License: Creative Commons - Attribution-No Derivatives Author: Jim Roberts Gallery
Built in 1596 the Old Market Hall, an example of late Tudor influence with primarily Elizabethan architecture, had two storeys: the large upper room was originally used by the Shrewsbury drapers or dealers in cloth to sell Welsh wool and the lower floor was used by farmers to sell their corn. The Old Market Hall was one of the earliest forms of prefabricated buildings; it was erected in less than four months. It bears the Royal Coat of Arms of Queen Elizabeth I, with the date of 1596, and the English lion and the Welsh dragon as supporters.
A previous Market House which was built on the same site in the 1260's was demolished to make way for the Market Hall.
The building is made from Grinshill stone (from the north of Shropshire) and was used by wool merchants as a place to sell their fleeces. The post holes where fleeces were hung can still be seen today. The top room of the old Market Hall was used as the town's magistrate’s court until 1995. The lower part of the structure has been used for many purposes, including as an air raid shelter during the Second World War.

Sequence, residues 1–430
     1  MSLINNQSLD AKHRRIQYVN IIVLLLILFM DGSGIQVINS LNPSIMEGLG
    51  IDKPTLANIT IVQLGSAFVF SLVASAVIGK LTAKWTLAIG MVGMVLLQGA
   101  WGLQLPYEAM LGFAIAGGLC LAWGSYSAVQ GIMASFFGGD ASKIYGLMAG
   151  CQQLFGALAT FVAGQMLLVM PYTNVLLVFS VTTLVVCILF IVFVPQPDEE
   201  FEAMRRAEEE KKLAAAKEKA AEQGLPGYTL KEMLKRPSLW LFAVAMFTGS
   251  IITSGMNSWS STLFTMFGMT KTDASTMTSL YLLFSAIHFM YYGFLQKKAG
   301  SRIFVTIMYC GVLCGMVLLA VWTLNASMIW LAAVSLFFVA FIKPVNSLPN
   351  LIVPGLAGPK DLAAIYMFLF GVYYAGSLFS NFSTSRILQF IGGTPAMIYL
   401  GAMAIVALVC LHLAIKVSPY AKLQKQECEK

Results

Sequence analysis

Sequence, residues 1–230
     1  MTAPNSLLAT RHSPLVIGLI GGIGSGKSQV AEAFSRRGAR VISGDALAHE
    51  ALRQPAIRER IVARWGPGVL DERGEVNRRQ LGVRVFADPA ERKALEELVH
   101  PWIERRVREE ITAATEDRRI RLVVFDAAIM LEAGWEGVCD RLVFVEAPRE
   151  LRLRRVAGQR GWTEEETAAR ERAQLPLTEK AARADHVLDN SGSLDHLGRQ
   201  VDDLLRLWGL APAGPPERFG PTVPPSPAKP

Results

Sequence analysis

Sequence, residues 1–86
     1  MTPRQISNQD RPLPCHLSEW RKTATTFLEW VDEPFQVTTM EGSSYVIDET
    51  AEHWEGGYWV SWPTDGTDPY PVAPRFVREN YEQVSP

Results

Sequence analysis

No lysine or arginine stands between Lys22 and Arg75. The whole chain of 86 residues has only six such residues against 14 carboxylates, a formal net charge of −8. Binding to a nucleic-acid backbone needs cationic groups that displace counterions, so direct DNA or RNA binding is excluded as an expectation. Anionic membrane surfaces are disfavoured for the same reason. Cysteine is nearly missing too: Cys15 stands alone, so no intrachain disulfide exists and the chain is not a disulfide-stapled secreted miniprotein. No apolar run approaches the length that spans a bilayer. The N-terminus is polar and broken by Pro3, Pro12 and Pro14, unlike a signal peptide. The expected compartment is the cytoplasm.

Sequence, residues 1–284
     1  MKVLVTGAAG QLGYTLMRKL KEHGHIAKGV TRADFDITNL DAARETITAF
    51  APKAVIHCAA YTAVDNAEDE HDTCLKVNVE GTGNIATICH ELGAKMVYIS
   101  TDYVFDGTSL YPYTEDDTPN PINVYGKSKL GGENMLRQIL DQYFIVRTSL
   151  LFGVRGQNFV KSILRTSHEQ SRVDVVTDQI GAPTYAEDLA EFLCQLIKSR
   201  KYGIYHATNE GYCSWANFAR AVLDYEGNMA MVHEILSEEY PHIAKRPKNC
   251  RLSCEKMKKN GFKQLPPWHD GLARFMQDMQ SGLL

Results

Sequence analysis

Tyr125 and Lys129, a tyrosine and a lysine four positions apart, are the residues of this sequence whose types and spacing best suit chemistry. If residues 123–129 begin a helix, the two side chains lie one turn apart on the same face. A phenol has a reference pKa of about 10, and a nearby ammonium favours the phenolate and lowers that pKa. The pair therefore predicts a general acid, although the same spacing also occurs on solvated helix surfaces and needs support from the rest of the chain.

Above the main arch on the North side of the Old Market Hall there is a statue of a man in armour; he is thought to have been of Richard, Duke of York (died 1460), which would be the only one of him in the whole nation. This sculpture was originally located on the Welsh Bridge and it was moved to its current location on the orders of the town mayor in 1771.
At the other end of the Square, where Clive’s statue now stands, would have been another market place that was called the Apple Market or Green Market and it was here the fruit and veg were sold. Sadly, the Old Plough pub has long gone and also the old Shirehall has been replaced by Princess House but the Square still retains a character all of it`s own.
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